The Spanish ibex has a unique way of signaling others when a potential predator has been spotted. First the ibex will have an erect posture with its ears and head pointing in the direction of the potential predator. The caller will then signal the other ibexes in the group with one or more alarm calls. Once the group has heard the alarm calls, they will flee to another area that is usually an advantageous vantage point like a rocky slope where the predator cannot reach. The ibex usually flees in a very coordinated fashion that is led by an experienced adult female in female-juvenile groups and an experienced male in male-only groups. This possibly allows the group to escape in a more efficient way as the more experienced ibex will know which slope to run to. However, since their alarm calls consists of an abrupt explosive whistle, it can easily be heard by predators and quickly be located even from a distance.
The Iberian ibex is generally a mixed feeder between a browser and a grazer, depending on the plant availability in their home range. Thus, the percentage of each type of resource that is consumed will vary altitudinally, geographically, and seasonally. The ibex also has a special mechanism in the kidney that stores fat in order to be used as energy during the cold winter times. The highest body storage of kidney fat can be found during the productive warm seasons and the lowest during the cold period. The body storage is characterized by the limited food resources. Foraging in ibexes is also different depending on the season. When food resources are low during the winter, ibexes would reduce their rates of movement when foraging. However, during the spring season, when food is more available, they would increase their rate of movement and become more mobile in finding food. This would be the ideal trend of movement since the spring season is more abundant in food resources meaning that there is more competition for food resources forcing some to trek farther in order to obtain food.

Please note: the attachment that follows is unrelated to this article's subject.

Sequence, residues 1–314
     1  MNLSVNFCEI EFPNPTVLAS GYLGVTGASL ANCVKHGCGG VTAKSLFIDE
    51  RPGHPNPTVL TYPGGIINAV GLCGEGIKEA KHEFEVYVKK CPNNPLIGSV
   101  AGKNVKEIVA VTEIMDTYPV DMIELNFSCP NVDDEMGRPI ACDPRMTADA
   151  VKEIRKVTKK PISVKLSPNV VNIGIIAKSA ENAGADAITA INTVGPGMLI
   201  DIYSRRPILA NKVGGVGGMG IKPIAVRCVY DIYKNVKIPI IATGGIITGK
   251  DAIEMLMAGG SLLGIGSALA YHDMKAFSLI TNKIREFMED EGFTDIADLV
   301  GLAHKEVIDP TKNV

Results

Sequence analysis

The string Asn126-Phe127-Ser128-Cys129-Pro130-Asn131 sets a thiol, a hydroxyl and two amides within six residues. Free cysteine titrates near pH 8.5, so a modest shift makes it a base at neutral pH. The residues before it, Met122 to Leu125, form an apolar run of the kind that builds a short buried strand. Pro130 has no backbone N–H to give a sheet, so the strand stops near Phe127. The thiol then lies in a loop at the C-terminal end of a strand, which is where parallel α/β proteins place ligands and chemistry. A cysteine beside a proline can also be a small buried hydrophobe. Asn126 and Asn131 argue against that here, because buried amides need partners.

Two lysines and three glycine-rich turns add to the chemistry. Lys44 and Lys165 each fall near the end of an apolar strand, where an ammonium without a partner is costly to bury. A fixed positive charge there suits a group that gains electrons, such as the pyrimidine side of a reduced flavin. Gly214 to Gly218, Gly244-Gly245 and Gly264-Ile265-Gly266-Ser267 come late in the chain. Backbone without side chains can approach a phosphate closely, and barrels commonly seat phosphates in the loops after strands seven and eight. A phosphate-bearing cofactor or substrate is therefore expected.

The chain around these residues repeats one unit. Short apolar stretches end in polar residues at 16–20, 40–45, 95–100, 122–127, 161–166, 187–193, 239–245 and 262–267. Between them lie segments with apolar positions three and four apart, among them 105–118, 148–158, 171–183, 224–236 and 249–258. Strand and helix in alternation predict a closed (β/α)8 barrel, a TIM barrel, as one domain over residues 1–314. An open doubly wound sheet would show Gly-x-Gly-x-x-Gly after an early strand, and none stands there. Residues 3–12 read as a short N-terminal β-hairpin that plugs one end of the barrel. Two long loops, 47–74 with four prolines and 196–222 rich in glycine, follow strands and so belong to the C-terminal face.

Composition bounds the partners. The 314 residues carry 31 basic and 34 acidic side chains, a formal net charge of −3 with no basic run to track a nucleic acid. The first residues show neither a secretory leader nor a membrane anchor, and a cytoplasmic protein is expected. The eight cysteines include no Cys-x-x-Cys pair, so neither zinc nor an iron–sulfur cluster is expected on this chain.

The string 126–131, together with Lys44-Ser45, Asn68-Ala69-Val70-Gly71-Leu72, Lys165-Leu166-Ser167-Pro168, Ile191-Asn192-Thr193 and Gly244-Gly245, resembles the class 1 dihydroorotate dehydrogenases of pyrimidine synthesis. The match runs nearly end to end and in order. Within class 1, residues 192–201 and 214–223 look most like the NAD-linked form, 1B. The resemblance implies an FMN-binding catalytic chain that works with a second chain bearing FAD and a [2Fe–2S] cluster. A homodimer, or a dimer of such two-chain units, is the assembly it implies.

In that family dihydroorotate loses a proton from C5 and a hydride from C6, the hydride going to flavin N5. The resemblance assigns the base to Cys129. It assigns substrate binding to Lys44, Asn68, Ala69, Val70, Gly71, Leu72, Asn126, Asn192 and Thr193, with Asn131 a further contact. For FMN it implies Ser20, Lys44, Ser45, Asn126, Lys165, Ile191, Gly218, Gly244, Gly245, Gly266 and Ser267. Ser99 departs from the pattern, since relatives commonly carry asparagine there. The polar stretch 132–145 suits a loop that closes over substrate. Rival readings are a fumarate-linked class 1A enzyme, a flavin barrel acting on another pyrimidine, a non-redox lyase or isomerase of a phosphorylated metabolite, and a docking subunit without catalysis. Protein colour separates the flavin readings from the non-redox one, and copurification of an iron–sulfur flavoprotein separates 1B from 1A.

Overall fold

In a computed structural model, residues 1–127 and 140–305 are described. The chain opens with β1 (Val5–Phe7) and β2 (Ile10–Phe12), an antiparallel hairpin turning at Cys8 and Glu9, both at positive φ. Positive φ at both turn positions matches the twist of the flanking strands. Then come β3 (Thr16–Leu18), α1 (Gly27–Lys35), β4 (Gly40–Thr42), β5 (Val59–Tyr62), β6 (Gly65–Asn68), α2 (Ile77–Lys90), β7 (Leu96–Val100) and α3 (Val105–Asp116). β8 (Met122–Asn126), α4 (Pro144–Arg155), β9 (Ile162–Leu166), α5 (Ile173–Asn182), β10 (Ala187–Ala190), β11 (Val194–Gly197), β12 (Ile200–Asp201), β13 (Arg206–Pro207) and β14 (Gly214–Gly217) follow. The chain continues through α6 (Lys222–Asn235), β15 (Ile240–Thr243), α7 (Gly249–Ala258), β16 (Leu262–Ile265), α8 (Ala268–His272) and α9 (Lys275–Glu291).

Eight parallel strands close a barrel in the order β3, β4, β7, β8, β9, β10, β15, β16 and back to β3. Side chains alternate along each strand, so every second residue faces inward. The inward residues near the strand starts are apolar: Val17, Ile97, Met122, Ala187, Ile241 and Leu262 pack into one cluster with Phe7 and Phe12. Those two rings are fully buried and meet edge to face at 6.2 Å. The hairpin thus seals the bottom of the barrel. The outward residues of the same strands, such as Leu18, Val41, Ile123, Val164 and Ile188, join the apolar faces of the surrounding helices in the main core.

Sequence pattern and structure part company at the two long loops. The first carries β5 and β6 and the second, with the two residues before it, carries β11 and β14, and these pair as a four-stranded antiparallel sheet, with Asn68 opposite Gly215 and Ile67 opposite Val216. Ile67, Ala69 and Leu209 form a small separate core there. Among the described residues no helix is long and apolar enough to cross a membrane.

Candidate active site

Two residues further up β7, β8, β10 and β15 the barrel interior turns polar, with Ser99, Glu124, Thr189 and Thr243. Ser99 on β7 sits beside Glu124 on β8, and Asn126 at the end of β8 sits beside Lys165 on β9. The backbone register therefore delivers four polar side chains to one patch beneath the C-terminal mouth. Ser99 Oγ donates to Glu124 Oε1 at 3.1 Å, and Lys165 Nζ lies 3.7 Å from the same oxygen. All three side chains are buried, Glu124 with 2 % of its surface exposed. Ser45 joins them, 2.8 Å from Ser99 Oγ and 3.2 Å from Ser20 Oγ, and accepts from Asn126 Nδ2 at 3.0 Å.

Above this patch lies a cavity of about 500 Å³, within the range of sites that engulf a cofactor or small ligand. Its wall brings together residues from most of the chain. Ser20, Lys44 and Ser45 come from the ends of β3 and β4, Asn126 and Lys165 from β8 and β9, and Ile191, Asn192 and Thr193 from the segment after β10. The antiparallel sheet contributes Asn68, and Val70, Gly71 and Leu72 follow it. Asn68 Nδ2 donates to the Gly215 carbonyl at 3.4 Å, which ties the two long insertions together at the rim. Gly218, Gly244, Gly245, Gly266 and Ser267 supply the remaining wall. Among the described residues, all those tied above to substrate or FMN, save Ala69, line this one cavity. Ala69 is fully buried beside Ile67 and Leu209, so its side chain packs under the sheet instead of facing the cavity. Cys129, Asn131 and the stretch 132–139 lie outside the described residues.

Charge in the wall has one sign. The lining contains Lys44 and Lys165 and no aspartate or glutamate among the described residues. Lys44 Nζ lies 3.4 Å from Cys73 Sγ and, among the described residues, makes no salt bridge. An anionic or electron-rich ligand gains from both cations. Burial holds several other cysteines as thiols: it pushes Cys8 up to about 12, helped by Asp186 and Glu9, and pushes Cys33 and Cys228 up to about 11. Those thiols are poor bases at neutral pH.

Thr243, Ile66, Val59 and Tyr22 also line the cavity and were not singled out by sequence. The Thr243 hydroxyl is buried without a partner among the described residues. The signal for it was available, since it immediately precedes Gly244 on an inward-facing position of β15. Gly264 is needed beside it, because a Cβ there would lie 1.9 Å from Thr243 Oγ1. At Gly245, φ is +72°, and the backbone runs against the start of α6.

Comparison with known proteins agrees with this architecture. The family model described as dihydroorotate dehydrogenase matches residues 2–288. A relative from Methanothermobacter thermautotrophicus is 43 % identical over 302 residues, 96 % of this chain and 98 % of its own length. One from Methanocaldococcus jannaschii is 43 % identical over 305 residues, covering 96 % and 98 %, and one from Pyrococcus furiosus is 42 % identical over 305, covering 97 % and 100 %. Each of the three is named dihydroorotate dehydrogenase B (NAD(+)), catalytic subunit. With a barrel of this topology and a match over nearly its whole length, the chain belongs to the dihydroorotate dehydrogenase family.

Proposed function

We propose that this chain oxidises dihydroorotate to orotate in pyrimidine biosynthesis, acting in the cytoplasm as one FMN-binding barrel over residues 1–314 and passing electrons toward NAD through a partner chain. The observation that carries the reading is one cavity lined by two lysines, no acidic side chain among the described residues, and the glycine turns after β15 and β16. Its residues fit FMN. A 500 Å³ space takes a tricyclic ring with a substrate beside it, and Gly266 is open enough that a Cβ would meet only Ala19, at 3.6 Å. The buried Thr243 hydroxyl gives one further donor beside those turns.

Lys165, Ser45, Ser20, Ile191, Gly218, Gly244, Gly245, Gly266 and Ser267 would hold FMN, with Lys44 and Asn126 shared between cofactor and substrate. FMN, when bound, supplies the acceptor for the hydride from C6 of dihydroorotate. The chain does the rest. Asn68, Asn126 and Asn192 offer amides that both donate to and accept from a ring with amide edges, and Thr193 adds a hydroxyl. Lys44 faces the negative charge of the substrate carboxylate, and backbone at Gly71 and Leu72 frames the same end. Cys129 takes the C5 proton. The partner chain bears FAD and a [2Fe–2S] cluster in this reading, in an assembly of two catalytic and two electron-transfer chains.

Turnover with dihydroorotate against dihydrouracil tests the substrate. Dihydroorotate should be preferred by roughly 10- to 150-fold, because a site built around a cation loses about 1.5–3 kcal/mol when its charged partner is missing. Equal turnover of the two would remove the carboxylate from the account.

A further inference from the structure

The populations of Capra pyrenaica have decreased significantly over the last centuries. This is probably due to a combination of contributing factors such as hunting pressure, agricultural development and habitat deterioration. Around 1890, one of its subspecies, C. pyrenaica lusitanica, also known as the Portuguese ibex, became extinct from its range in the Portuguese Serra do Gerês and Galicia. By the mid-nineteenth century, another of the four subspecies, the Pyrenean ibex, had lost most of its range. It finally became extinct in January 2000, when the last adult female died in the Ordesa National Park. There are also a number of threats to the future preservation of the Spanish ibex such as population overabundance, disease, and potential competition with domestic livestock and other ungulates, along with the negative effects of human disturbance through tourism and hunting. Recently ibexes from southern Spain have become exposed to disease outbreaks such as sarcoptic mange. This disease, potentially fatal for infected individuals, unequally affects males and females and it limits the reproductive investment of individuals. Scabies has become the main destabilizing factor in many populations of Iberian ibex.
San Diego Zoo's Spanish ibex
Keepers at the San Diego Zoo use a large wooden log to stimulate the ibex's charging instinct